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Imagine there is a mechanical system described in unitary units by the equation: $$\dot{x} = -\text{sgn}(x)\sqrt{|x|},\quad x(0)=1 \tag{Eq. 1}$$ such it has a finite duration solution: $$x(t) = \frac{1}{4}\left(1-\frac{t}{2}+\left|1-\frac{t}{2}\right|\right)^2 \tag{Eq. 2}$$

Is this enough information to reconstruct its Kinetic and Potential Energies to obtain its Lagrangian of this System and its Least Action Principle's integral? What are these values in terms of $x(t)$?

Motivation

Recently I have learned about the existence of finite duration solutions of differential equations on these papers: Finite Time Differential Equations and Finite Time Controllers by Vardia T. Haimo, and since everyday phenomena are of finite duration, I want to know how will behave the Energy and the Least Action Principle on this kind of system with finite duration solutions, and this is the only example I have so far of an autonomous system that stands finite duration solutions (maybe $\dot{y} = -\sqrt{y},\,y(0)=1$ also works if the solutions is restrained to the reals, since after $(y,\,\dot{y})=(0,\,0)$ the derivative is never going to rise up again since the square root is positive).

I am trying to make a mechanical system with $x(t)$ the solution to their equation of motions, not in the other way.

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  • $\begingroup$ Mechanical system is described by second order differential equation $\endgroup$
    – Eli
    Mar 27 at 7:41
  • $\begingroup$ @Eli I left the explicit solution $x(t)$: It is not possible to obtain the equations of motion by differentiated it twice? $\endgroup$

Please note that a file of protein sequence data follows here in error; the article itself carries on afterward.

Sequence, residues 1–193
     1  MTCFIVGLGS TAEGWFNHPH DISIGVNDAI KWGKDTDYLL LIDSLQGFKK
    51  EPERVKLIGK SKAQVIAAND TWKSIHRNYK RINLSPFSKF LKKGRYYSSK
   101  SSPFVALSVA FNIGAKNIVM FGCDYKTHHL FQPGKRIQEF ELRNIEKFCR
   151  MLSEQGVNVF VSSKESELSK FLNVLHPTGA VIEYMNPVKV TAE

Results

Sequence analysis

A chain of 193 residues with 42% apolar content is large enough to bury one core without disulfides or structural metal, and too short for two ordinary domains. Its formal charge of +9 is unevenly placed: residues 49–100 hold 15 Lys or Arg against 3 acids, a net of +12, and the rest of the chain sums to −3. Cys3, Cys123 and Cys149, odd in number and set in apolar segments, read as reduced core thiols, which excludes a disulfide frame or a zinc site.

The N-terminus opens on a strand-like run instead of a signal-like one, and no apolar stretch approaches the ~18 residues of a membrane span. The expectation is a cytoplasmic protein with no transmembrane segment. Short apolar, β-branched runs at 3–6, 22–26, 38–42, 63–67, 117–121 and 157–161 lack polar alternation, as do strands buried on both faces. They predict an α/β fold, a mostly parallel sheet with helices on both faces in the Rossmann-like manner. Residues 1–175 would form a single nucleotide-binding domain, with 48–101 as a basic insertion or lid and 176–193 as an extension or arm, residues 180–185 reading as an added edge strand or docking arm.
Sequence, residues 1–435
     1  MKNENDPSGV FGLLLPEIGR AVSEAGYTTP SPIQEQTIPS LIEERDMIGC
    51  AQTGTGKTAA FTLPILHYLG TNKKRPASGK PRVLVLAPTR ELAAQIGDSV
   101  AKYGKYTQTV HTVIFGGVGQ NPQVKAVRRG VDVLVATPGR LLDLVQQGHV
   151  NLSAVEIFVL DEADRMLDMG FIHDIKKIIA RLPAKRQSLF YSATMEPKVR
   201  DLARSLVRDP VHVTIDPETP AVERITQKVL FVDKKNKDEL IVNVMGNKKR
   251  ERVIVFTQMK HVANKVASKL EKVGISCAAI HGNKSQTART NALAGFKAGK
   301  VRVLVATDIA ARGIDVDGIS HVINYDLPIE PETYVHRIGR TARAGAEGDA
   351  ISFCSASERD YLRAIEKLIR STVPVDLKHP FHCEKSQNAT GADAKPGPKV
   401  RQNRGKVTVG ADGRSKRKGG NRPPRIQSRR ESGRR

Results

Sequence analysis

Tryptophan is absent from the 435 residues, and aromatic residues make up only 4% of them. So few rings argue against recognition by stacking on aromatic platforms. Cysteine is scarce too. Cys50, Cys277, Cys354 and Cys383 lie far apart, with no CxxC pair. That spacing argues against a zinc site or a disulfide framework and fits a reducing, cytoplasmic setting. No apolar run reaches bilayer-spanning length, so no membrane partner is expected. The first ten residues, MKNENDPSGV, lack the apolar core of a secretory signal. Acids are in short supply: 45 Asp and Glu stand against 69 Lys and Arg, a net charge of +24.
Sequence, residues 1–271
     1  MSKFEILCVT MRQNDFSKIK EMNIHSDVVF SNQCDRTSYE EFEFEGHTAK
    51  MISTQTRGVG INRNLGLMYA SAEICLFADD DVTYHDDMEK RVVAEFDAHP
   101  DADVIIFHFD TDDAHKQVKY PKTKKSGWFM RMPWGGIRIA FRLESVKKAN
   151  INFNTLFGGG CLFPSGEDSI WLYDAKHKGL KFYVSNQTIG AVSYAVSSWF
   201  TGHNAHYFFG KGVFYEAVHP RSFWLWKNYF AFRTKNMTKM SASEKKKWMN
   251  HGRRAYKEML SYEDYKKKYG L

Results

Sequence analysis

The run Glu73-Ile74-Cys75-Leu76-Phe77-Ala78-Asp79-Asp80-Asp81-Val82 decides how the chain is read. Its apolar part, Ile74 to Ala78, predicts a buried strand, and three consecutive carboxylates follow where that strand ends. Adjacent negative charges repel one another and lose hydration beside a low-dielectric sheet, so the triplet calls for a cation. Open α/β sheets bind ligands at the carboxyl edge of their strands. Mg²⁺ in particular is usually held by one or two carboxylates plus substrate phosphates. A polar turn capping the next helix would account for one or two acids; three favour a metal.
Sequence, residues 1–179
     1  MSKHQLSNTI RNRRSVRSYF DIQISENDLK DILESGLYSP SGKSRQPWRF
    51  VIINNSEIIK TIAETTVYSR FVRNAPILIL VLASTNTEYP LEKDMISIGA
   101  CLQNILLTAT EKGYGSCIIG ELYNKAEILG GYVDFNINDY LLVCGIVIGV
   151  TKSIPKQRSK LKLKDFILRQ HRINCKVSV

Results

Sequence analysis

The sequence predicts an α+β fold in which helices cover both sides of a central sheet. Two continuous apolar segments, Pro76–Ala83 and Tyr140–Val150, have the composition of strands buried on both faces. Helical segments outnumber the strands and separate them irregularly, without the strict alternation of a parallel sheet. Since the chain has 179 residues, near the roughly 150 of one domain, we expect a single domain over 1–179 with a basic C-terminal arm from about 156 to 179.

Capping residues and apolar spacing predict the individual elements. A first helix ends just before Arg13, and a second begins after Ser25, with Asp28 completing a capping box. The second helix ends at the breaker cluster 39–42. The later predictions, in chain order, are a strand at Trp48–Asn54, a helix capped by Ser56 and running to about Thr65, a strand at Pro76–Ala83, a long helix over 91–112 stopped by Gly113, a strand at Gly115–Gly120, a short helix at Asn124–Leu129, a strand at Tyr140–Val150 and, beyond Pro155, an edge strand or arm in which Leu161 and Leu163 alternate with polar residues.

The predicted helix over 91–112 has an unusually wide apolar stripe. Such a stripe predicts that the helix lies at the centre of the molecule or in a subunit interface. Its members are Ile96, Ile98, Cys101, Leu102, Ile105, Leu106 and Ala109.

– Joako
    Mar 28 at 19:32
  • $\begingroup$ the equations of motion are described by the Newton second law. $\endgroup$
    – Eli
    Mar 28 at 20:40

1 Answer 1

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  1. A 1st-order ODE $$\dot{x}~=~f(x,t)\tag{A}$$ cannot be a Euler-Lagrange (EL) equation if we are only allowed to use a single real variable $x(t)$, cf. e.g. this Math.SE post.

  2. With several variables it is easy. We can e.g. use a Lagrange multiplier $$ S[x,\lambda]~=~ \int_{t_i}^{t_f}\!dt~ \lambda(\dot{x}-f(x,t)) \tag{B}$$

  3. Care should be taken wrt. boundary conditions, so that they are compatible with the physical system at hand, i.e. one might need to add boundary terms to the action (B).

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  • $\begingroup$ Thanks for answering. Since the explicit solution is given, I was expecting to form the kinetic energy as $K=\frac{1}{2}\dot{x}$ ($m=1$, and $\dot{x}$ from the equation), use a generic potential $V$ and since the $\int\,K - V\,dt$ should give the same equation for $\dot{x}$ one could determine $V$ (again, this because I know the explicit solution of $x(t)$). If this approach is mistaken, It could be possible to obtain the equation of motion from the Work-Energy Theorem? (since I have the initial Kinetic energy, and the final Kinetic Energy is zero - the solution $x(t)$ is of finite-duration) $\endgroup$
    – Joako
    Mar 28 at 19:25
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    $\begingroup$ Hi Joako, For starters, your proposed kinetic term $K=\frac{1}{2}\dot{x}$ is a total time derivative, and hence does not contribute to the EL equation. $\endgroup$
    – Qmechanic
    Mar 28 at 19:47
  • $\begingroup$ Let me see If I am following you: From mechanics principles (like Newton´s laws, Lagrangian/Hamiltonian, others) it is possible to obtain the equations of motion, but from the equation of motion, is not always possible to reconstruct these principle's equations back? $\endgroup$
    – Joako
    Mar 28 at 20:01
  • $\begingroup$ Forget variational principles for a moment. How did you/Can you derive eq. (1) from Newton's laws? $\endgroup$
    – Qmechanic
    Mar 28 at 20:08
  • $\begingroup$ Don´t really know... I am trying to form a mechanical system that can stand a solution of finite duration from the only example with explicit solution I know, so I am working backwards.... an alternative idea could be differentiating one time the equation $\dot{y} = -\sqrt{y}$ which also stand the same solution (since is also non Lipschitz at zero)... the second derivative will be the $F\cdot a$ term and the other side a potential, something similar to the Norton's Dome but with convergent instead of divergent solutions. $\endgroup$
    – Joako
    Mar 28 at 20:16

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